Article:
6. Always set secondary escape ladders.
  7. Do not place too many firefighters on the roof. Limit the number of personnel on the roof to only what is needed for the job.
  8. Assign a lookout or safety person. The roof officer should avoid being involved with the hands-on portion of the operation and must continually watch for changing fire conditions. When changing fire conditions are noted, take a tactical pause, reevaluate, and reassign as needed.
  9. When ventilating, once the task is completed, get off the roof!10. Do not permit firefighters to remain or go on to the roof during defensive firefighting operations.

Vertical ventilation or trench cuts are performed to support offensive fire attack operations. When you declare defensive operations, clear the roof of personnel immediately and establish and enforce a collapse zone.

Remember, size-up is a continuous process until the incident is terminated. What are your “trigger points” in determining whether or not you can safely conduct or suspend roof operations? The skill of the 3 Rs is only sharpened through use.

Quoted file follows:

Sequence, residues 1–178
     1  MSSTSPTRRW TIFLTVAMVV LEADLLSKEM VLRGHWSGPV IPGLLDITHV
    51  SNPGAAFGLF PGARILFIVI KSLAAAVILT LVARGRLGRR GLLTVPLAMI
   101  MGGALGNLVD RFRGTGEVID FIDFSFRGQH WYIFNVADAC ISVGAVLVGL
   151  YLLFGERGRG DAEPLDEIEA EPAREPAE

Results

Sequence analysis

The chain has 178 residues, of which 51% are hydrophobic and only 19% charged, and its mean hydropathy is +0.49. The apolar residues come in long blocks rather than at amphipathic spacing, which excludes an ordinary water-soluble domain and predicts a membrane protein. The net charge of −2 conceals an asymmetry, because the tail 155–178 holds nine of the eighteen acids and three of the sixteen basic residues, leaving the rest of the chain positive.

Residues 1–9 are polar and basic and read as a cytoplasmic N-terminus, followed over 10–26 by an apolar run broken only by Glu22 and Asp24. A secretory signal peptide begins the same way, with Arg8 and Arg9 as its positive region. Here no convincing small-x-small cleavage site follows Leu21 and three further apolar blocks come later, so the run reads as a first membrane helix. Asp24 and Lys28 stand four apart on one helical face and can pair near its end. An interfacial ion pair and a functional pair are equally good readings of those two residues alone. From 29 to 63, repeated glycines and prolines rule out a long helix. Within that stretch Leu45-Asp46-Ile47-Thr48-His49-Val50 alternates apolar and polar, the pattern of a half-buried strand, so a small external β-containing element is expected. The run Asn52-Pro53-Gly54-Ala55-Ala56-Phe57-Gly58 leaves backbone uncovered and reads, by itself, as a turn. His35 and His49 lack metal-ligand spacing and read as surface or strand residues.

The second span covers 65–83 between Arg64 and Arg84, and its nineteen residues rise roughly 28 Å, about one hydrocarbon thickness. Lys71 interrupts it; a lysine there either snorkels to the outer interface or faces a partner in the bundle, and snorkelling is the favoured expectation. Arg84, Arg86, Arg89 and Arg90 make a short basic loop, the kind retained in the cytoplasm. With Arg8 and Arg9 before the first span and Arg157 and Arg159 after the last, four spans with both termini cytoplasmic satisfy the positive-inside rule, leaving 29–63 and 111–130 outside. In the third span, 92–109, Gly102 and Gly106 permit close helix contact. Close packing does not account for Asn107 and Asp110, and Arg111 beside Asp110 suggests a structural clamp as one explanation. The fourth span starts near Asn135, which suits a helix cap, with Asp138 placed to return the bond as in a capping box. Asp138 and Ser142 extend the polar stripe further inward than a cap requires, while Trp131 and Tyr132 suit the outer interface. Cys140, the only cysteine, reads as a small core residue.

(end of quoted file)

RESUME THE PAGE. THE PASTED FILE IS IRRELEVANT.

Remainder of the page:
GARY BOWKER is an honorably retired U.S. Air Force master sergeant and has served as a fire chief at numerous U.S. Air Force bases around the world. He has also served as chief of the Sumner County (KS) Rural Fire District #10. Bowker is a retired fire marshal and safety officer with the town of Winfield, Kansas, and has more than 45 years of fire service experience. He has also taught numerous courses for the National Fire Academy, the U.S. Department of Defense, the University of Kansas Fire & Rescue Training Institute, and FDIC International. Bowker also serves as a Kansas advocate with the National Fallen Firefighters Foundation’s Everyone Goes Home program and speaks frequently at events. He has written numerous articles on firefighter life safety and health issues and has been published in numerous fire service trade magazines. Bowker is nationally certified as a fire officer II, instructor II, and inspector II and is a certified fire and explosion investigator.